Children taken to A&E or out-of-hours doctors are to be logged in a national database to help medical staff identify youngsters who may be suffering abuse or neglect.
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Health Minister Dr Dan Poulter announced the changes, saying that he hoped the new system would prevent a repeat of tragedies such as Baby P and Victoria Climbie, two children who died at the hands of abusers.
A £9m child protection information aystem will enable medical staff to see if children they treat are subject to a child protection plan. The system will indicate if a child has already identified as being at risk. Doctors and nurses will also be able to check if a child has been a frequent visitor to A&E, or has required urgent care a number of times in a specified time period. The new measures will be rolled out in 2015.
Dr Poulter said: "Doctors and nurses are often the first people to see children who are victims of abuse.
"Up until now, it has been hard for frontline healthcare professionals to know if a child is already listed as being at risk or if children have been repeatedly seen in different emergency departments or urgent care centres with suspicious injuries or complaints, which may indicate abuse.
"Providing instant access to that information means vulnerable and abused children will be identified much more quickly - which will save lives.
"Baby P and Victoria Climbie were both shocking and tragic cases - we want to do everything we can to stop them happening again. This is a huge leap forward and will give the authorities a fighting chance of identifying abused children much sooner."
A database had existed previously after it was set up by the Labour government, but was shelved in 2010. Labour claims the coalition undermined child protection by axeing the database.
The Department of Health said that it is introducing the new system because currently it is difficult to tell if children have frequently required emergency treatment for injuries such as bruising, scratches, bite marks and burns.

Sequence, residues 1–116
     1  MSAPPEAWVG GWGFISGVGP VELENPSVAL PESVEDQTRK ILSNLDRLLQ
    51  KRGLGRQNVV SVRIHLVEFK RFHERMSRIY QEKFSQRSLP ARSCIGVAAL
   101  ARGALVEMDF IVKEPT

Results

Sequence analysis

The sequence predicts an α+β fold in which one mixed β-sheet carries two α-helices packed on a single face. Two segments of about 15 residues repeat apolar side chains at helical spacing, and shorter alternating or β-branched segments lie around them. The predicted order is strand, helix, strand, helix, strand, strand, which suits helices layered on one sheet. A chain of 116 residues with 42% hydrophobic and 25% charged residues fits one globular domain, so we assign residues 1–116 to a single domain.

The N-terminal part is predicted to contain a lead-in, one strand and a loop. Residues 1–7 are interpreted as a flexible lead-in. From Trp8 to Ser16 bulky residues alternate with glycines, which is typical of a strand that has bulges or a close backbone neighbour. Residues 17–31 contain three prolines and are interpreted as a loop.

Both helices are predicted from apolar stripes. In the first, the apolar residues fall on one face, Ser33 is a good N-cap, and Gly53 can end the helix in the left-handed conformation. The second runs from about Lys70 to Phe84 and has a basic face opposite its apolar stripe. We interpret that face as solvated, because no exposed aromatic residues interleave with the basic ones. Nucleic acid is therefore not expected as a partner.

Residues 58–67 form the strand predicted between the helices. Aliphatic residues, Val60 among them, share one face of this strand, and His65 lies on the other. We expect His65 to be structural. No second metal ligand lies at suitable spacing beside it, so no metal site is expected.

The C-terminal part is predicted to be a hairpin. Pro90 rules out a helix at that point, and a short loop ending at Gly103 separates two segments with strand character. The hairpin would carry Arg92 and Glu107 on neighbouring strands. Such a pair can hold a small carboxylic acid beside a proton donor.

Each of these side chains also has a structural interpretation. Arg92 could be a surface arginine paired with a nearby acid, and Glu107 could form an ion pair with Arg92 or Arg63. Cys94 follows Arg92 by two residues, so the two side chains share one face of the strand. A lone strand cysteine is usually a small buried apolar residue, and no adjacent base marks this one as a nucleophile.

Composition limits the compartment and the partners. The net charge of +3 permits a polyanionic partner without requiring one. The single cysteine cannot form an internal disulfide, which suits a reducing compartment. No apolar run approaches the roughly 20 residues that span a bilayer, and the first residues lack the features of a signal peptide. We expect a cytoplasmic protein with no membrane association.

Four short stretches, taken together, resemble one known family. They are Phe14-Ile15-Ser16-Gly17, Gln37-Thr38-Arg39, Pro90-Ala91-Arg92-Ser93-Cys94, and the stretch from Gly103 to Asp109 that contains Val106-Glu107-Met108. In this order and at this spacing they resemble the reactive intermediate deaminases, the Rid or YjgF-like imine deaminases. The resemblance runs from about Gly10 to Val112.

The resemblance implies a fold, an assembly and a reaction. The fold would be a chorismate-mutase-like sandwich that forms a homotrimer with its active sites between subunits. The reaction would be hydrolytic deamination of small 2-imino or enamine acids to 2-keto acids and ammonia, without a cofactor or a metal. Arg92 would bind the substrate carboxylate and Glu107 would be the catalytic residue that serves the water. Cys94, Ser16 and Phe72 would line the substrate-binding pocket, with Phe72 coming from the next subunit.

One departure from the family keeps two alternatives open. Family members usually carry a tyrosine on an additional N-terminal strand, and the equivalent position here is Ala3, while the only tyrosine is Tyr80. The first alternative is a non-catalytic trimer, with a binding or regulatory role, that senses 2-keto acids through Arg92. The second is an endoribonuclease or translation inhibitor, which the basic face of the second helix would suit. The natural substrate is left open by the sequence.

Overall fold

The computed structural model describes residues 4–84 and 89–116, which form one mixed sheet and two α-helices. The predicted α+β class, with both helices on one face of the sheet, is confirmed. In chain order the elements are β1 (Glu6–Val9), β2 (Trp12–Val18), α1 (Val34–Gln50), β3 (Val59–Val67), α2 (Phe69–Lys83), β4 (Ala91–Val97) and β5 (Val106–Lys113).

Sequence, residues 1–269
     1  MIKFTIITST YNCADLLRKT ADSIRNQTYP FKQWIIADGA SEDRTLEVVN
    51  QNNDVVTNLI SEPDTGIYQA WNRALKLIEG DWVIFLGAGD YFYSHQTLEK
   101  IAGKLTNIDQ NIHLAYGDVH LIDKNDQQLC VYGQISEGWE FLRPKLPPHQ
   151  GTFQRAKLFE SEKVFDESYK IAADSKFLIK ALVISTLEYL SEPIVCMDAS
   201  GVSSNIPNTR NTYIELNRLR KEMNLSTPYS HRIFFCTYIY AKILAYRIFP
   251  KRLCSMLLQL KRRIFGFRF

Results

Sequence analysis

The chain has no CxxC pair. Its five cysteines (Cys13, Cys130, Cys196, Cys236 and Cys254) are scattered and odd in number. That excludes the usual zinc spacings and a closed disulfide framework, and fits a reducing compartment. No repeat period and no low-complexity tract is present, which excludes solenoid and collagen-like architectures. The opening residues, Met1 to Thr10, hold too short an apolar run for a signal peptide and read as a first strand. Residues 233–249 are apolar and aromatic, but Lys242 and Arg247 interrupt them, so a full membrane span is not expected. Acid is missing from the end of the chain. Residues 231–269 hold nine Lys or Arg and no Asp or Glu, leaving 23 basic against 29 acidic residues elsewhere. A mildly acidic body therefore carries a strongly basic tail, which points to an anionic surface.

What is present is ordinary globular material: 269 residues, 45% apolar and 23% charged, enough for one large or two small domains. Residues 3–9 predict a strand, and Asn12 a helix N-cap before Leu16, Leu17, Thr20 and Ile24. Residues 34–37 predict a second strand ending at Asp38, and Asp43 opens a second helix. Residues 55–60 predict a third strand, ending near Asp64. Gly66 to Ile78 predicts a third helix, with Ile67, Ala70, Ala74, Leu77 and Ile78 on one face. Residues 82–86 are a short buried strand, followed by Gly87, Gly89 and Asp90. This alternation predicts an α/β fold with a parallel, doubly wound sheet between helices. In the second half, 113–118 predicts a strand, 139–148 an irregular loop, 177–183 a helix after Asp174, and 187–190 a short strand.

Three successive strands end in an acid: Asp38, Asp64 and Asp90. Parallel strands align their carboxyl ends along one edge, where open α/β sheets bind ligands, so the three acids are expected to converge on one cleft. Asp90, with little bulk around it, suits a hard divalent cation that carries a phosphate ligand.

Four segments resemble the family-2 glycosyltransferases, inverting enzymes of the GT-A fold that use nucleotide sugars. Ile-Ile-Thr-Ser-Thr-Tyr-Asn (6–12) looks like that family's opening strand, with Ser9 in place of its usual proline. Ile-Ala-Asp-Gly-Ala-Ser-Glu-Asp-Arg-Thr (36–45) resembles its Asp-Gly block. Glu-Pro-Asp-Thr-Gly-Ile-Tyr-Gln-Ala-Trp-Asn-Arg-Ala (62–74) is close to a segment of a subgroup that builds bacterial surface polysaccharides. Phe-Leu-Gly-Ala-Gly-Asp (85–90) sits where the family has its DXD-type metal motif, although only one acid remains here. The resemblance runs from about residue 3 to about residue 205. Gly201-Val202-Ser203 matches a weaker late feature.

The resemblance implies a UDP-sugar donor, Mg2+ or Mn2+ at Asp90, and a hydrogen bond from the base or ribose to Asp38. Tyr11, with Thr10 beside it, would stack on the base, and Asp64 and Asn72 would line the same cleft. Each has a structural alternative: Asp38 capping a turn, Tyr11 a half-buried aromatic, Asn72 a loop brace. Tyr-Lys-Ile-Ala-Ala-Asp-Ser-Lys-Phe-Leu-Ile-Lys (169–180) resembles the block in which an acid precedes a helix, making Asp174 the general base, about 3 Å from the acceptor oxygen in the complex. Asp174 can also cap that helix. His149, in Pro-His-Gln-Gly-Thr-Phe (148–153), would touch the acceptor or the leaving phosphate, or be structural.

Under the new system, when a child arrives and is logged at an emergency department a flag will appear on the child's record if they are subject to a child protection plan or are being looked after by the local authority. Doctors and nurses will be able to use this information as part of their overall clinical assessment, along with information about where and when children have previously received treatment.
Dr Amanda Thomas, officer for child protection at the Royal College of Paediatrics and Child Health, welcomed the measures. She said: "This solution is a positive step and an important part of the overall solution.
"The college has been involved with (the system) from an early stage and will continue to work with the Department of Health to ensure it is introduced effectively, integrates well with the working practices of NHS staff and makes a genuine contribution to improving child protection practice."
The plans were also welcomed by Lisa Harker, head of strategy at the NSPCC. She said: "NHS doctors and nurses are often in the frontline of child protection and play a crucial role in identifying abuse victims as quickly as possible.
"So this new system for sharing information about children at risk should prove an important aid.
"Of course it's people not databases that can protect children. So, alongside this change, we would like the Department of Health to commit to improving levels of training in child protection across all healthcare settings."